In just over a year working together, Hernandez has come to understand why his boss is so well thought of by Pep Guardiola and Mauricio Pochettino.
“Everybody feels Marcelo is a special manager,” said Hernandez, sidelined by a hamstring injury. “He’s a special person.
“Myself and my team-mates feel this every day in the training ground and in the matches. It’s a surprise that he came here.
“Sometimes you think you have experience, you’re an old player and you know everything in football. This isn’t true. At 34 I can still learn new things in football and this is why it is a great experience to work with him.”
Leeds have stuttered in the absence of Hernandez and Adam Forshaw, who has a hip injury. But with Hernandez expected to return soon, and Liam Cooper and Jamie Shackleton back in contention, Forshaw is hopeful his team can put their foot down, as they did this time last year.
“Now is a chance for two or three teams to put a run together,” Forshaw told the Talking Shutt podcast. “We put one together at a similar time last year. If we were to do it now I think it’s a perfect time and it sets a perfect marker out to other clubs.”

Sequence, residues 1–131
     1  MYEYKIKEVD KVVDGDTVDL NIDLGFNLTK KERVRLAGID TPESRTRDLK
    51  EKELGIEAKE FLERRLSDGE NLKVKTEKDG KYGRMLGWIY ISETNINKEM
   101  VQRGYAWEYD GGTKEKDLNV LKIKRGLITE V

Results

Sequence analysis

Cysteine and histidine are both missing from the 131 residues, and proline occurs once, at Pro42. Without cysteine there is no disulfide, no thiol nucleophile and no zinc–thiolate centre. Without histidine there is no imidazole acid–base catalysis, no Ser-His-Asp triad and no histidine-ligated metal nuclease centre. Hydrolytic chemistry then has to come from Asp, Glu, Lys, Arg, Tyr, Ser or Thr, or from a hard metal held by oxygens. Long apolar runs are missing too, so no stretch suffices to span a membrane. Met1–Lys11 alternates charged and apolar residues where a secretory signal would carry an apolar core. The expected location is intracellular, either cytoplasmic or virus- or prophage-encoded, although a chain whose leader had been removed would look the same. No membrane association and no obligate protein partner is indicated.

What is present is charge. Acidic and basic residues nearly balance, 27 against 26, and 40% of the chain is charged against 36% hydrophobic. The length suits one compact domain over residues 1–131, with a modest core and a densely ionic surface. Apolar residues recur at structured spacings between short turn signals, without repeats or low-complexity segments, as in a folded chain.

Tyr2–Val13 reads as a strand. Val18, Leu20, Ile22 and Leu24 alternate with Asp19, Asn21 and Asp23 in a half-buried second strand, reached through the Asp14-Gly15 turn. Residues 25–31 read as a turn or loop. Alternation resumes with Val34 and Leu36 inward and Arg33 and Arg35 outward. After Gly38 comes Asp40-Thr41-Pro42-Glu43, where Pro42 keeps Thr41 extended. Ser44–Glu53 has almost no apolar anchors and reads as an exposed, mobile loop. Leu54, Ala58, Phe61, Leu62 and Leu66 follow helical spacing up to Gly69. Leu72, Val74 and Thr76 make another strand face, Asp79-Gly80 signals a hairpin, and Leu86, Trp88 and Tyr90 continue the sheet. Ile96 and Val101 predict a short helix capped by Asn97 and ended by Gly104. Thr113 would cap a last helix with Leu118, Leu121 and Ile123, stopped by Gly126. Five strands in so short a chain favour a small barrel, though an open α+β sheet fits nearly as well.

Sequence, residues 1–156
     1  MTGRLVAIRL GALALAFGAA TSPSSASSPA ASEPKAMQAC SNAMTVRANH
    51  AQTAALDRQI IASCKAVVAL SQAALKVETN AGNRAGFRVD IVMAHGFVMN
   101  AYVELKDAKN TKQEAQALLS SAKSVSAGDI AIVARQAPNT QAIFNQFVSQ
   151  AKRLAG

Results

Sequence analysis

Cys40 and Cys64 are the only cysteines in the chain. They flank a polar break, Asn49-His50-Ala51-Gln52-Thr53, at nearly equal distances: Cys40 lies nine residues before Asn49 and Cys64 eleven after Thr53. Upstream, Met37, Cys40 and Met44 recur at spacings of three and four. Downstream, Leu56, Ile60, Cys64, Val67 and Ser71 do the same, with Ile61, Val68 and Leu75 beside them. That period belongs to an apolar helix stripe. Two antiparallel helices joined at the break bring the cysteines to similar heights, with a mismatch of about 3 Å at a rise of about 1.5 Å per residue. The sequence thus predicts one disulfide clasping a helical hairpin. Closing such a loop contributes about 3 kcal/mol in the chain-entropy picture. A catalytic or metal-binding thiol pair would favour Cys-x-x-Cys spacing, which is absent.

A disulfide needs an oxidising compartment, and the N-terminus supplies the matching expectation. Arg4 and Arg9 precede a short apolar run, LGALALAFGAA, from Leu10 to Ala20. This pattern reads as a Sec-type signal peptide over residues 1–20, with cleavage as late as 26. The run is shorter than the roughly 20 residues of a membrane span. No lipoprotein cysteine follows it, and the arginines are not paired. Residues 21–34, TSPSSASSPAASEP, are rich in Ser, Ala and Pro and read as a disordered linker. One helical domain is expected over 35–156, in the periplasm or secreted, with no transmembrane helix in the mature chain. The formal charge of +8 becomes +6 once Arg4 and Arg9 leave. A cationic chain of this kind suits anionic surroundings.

Leeds picked up 24 points from a possible 27 from the start of November 2018 until Boxing Day, only to miss promotion in the play-off semi-finals.
Forshaw says he and his team-mates are over the disappointment, and have come back as an improved version.
“A couple of weeks into my holidays I was thinking we’ve missed a great opportunity,” he reflected. “But then in another few weeks you’re back in training and ready to go again.
“You just have to put it behind you. We’ve started the season solidly and there’s areas to improve in but I feel like we’re a real heavyweight this season and we have a real shot.
“We don’t set up any differently but we concede fewer chances.
“We’ve deserved a lot more points than we’ve actually got.
“I’m a firm believer that eventually you will get what you deserve in that respect. You can’t continue to batter teams and it not come to fruition.”